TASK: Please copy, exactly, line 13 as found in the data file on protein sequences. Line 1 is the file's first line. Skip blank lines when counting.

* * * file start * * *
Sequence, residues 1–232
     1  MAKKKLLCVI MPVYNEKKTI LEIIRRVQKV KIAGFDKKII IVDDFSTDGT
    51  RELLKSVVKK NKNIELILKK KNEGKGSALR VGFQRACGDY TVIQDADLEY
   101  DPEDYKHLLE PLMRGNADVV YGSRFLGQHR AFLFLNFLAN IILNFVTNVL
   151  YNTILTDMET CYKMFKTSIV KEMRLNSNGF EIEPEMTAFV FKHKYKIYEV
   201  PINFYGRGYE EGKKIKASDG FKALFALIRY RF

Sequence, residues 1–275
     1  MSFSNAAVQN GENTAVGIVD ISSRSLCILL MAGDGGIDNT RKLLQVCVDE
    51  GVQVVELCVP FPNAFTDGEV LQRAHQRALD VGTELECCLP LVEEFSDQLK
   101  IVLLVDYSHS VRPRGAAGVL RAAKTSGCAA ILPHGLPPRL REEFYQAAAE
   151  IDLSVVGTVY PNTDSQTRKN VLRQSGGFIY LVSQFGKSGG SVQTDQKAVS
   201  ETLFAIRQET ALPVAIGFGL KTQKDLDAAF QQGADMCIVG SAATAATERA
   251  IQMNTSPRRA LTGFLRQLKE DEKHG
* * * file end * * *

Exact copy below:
   251  IQMNTSPRRA LTGFLRQLKE DEKHG